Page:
[ She will get a Page to herself, in due course – Les Dolmens Imaginaires de Mme. Landriq.]

It’s a stiff thirty minute walk up to the one, two or three dolmens above Cubiéres, and Sicard was not disappointed with the massive, but rather dislocated megalithic tomb at the top.

He and I were less impressed with the other two ‘dolmens’ thirty metres down the slope.

It looks to me more like a diaclase – a wide fissure in the bedrock. I have seen and read about diaclases used as tombs – particularly up at the nécropole de Bois Bas. They may have been used as sepulchres in times of population-stress, when the tribe’s numbers were being severely reduced through epidemics (living close to animals was convenient – but deadly to a group that had not developed any immunities.)

Les Landriq had, so they said, found a quantity of grave-goods at or ‘near’ all three ‘dolmens’. Germain Sicard was not about to pour cold water on their enthusiasm that day. His account, if read carefully, does allow room for conjecture.

The team that are responsible for the waymarked track to the  l’Arco dal Pech dolmen at Cubiéres, must also have read Sicard’s ‘Deuxième Excursion’ and have cleared around the two other graves. But essentially it is ‘Le beau dolmen bien conservé’ that Sicard came to see, that merits its own Page – where more information and photos will be posted.

Meanwhile the four of them carried on to Camps, where they spent the night at the Schoolhouse.  This visit we set up our tent at La Ferme at Camps, where we met an international crew – some of whom have been loyal to the place for 27 years.

This was just the start of a busy weekend of megalith-hunting for Germain and me. I consider myself fairly fit – but I was having trouble keeping up with his itinerary. The following morning Sicard set of at first light to reach a barely known ridge that he called ‘le plateau de Moufri’ (this might be one of his typos, and thus should be Monfri, which might relate to the ridge called Frigoula) high above les Gorges de Galamus. This promontary is largely unknown : it is variously called ‘Frigoula’ and  ‘Les Remparts des Sarrazins’. This was Mme Landriq’s next surprise.She thought it might be a Bronze-age defensive settlement, and subsequent researchers have confirmed her findings.

I had set myself the task of following Germain and Philippe, step by step out of the village, as the sun rose. The landscape no longer looks like this, with cleared fields and man and animal persuing hard but productive work.

The story of Camps, and how it was almost abandoned, and how it was bought by one man, and how it was allowed to return to wilderness? Well – that’s all for another story in another blog.

The walk to the ‘enceinte fortifiée’ of les Remparts des Sarrazins is detailed on its own Page, to the right.

The glorious late July weather allowed me to enjoy a ‘déjeuner sur l’herbe’ as did Germain and Philippe and Les Landriq, not to mention the miller from le moulin de l’Agly who led them high up onto the giddying peaks above Les Gorges.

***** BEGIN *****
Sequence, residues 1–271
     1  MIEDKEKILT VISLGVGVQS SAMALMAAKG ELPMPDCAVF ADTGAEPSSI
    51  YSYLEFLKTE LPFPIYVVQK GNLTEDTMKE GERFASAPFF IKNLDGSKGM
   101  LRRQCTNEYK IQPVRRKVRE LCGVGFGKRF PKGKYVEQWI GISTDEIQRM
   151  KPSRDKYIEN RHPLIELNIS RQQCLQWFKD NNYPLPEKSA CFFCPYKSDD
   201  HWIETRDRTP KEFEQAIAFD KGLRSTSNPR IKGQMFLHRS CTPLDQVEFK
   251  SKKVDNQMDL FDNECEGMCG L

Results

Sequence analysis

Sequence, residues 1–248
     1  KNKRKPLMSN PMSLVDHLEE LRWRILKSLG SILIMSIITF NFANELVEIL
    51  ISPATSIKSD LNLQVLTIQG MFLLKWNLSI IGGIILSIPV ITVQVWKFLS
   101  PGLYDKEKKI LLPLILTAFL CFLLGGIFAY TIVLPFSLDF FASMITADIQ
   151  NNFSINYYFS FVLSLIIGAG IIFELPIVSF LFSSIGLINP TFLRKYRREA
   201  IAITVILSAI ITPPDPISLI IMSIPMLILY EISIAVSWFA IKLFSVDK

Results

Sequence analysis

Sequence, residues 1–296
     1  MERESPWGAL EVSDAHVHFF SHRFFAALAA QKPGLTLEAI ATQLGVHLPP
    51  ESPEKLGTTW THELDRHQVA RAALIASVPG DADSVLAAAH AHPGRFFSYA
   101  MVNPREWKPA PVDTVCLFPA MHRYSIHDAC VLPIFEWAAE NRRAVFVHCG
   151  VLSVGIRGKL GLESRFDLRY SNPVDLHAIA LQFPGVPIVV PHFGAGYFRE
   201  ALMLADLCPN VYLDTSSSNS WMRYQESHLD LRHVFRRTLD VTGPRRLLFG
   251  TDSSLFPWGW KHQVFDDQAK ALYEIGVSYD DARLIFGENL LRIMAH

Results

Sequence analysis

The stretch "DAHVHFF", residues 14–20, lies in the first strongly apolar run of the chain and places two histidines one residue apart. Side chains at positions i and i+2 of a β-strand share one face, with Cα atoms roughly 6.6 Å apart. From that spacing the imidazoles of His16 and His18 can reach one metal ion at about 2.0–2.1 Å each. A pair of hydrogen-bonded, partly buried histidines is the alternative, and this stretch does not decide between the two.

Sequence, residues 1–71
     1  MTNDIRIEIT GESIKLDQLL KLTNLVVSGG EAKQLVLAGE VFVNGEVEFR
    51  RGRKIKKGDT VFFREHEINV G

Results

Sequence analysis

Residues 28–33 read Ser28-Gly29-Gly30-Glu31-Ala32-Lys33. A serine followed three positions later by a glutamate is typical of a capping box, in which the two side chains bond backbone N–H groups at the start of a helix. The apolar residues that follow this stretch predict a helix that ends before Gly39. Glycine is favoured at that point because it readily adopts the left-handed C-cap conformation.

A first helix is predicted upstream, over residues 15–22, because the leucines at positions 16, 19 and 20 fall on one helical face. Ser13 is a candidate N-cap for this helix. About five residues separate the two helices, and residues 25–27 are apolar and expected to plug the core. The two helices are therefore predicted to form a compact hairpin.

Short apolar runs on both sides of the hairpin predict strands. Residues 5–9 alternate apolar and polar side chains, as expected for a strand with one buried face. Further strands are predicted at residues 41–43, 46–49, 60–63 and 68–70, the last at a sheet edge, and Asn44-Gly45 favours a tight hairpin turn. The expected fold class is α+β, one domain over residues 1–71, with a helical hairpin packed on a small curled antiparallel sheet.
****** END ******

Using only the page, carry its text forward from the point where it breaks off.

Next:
It’s impossible to show how many hundreds of metres above the Gorges this is. The video replays some of the alarm I felt. This is an extreme defensive position, replicated throughout the region, where Bronze Age tribes felt threatend by invasive forces – and it was probably not long held or needed. It feels very much like the hillfort above our village of Moux – random vestiges of a temporary position constructed rapidly in time of extreme fear and uncertainty.

Again : more info and photos on les Remparts des Sarrazins Page.

As I settled to my lunch, having descended from one of the more extreme places of the Bronze-Age peoples – I realised that Sicard was above all else, a writer. He collected people and experiences and he shared them. Another Natural Scientist might have fussed about the stones under his feet – but Germain, at ease upon his back having descended from this alarming place of safety, could recall these thoughts :

Mais il faut quitter ce merveilleux spectacle, et redescendre les sentiers que nous avons trouvés si ardus à la montée. Nous déjeunons dans la vallée de Riol, près de la source, et pendant que nous reposons mollement sur la pelouse, deux aéroplanes passent bruyamment sur nos têtes, faisant vibrer l’air de leurs ronflements sonores, et filant dans l’azur comme des vautours.Ainsi après avoir visité sur le plateau de Moufri les débuts de la civilisation, nous envoyons franchissant l’espace la merveilleuse évolution.

One small aeroplane passed overhead as I descended. I had fervently hoped that some jet or other piece of machinery would so time its arrival to allow me to mirror and echo and double Sicard’s experience. It did – and I recognised it as a tourist plane taking photos of what is now the bigger show in town : the ‘Cathar Castles’ – for which this region (for better or for worse) is now so well-known.

[NB This post is being copied in its entirety over on to the Page section: Sicard’s 2nd. Excursion.]

There is a Page on the Cubières dolmen or l’Arco dal Pech – to the right.